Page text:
Saturday, November 12, 2011

My City: A D&D thought experiment

I just sent the following in an email to my players, in preparation for whatever I will be running as a game in the new year. Once I have gotten the results and melded them into a city design, I will post it for you and for them.

I want you to think of a city - from the perspective of a D&D character. This doesn't necessarily have to be a character you end up playing, but this should be thought of in a worm's eye perspective, rather than that of a designer.

You may be from the city, you may have traveled here from a long way away, you may be just passing through. Make decisions about these things as you answer them. There is no minimum or maximum to the detail you provide, but remember that I am not asking you to create an entire city, just a city as your character sees it. Don't worry about the overall world setting, it can be anything you imagine as a fantasy world. You are not responsible for designing the entire world, just answer the questions as they are asked.

I will be using your responses to craft the city and world. With five of you providing possibly contradictory responses, please understand that not everything will be used in the full context you provide.

1) If you traveled to the city, how did you get here - what means of transportation? If you were born in the city, how do you get around?

2) What is your favorite part of the city? What is your connection to this place?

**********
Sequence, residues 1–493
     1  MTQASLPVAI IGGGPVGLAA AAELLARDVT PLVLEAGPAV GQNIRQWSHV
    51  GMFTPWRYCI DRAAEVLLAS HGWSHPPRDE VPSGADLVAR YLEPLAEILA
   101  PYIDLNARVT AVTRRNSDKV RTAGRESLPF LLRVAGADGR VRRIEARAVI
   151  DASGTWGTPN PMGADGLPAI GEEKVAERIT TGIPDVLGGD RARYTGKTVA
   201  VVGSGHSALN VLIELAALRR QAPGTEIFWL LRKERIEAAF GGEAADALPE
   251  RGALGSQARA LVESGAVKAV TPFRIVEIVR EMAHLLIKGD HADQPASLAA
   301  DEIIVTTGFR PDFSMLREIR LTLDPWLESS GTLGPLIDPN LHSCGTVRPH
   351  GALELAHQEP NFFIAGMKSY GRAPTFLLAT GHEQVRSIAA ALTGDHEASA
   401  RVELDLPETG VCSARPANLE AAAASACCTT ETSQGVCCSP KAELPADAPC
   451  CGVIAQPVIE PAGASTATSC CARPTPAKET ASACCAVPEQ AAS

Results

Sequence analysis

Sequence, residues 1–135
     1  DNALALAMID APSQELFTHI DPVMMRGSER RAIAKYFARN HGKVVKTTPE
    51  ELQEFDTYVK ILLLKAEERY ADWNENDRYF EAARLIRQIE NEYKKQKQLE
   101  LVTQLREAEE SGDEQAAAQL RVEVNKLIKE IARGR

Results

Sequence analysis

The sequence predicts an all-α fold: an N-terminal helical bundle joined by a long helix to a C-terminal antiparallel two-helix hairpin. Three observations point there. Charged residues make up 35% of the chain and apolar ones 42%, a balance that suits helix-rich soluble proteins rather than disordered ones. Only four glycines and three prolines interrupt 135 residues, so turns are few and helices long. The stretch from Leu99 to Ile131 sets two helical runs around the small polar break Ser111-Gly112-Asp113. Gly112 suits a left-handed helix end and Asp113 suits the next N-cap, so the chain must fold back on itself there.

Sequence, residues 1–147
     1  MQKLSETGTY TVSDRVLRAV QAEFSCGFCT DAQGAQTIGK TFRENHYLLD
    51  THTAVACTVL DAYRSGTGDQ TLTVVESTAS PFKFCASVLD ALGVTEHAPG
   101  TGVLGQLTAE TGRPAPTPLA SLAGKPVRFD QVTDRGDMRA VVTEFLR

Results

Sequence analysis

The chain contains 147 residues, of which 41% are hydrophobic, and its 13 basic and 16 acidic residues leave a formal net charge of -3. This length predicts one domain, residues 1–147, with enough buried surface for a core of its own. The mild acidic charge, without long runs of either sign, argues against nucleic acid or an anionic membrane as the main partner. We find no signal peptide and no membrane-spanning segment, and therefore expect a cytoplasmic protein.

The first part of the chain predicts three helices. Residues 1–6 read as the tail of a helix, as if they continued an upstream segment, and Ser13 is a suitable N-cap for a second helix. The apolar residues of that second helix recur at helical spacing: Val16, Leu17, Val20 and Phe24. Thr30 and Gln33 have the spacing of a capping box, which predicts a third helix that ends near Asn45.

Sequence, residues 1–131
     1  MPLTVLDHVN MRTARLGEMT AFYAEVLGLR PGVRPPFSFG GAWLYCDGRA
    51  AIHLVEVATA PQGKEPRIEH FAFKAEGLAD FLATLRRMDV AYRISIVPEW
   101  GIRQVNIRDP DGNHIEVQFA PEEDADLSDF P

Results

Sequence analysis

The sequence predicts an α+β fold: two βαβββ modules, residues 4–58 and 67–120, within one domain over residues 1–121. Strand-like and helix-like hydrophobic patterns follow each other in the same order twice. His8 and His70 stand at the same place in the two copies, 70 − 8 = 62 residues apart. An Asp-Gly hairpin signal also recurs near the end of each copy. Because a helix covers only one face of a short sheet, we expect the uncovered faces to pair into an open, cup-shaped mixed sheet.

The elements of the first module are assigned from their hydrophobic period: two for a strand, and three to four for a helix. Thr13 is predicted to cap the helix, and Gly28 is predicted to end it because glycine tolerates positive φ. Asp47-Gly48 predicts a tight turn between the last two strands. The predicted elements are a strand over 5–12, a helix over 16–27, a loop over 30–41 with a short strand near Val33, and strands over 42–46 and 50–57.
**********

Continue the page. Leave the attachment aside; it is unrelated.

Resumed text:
3) What is the most dangerous part of the city? Have you ever been there?

4) If you got into trouble in the city, who would you ask for help?

5) If you could remove one group of people or things from the city, it would be the...

Have you done anything similar for your game? Are there any other questions you think I should have asked?

Thursday, November 10, 2011

Steal this Trap: The Flusher

I created this trap as a way to make a dungeon more variable- if the players were able to avoid it, their trip to the final boss would be somewhat less dangerous, or dangerous in different ways. It also represented the villain's first line of defense against intruders.

The flusher depends on three Decanters of Endless Water, and a large hinged trapdoor. On arrival at the dungeon's front door, the party was presented with a combination lock - tap the colored circles in the right order and the door opens. Fail to do so in three tries, and three Decanters set into the floor begin to inundate the room.

With successful swim checks, a hero might be able to get out, however the trap door will come into effect in another three rounds.

Assuming the players fail to guess the combination, the water fills the room and once a certain weight threshold is reached, the trap door opens downward, discharging the heroes (and a lot of water) into a water filled pit on the edge of a swampy dungeon level.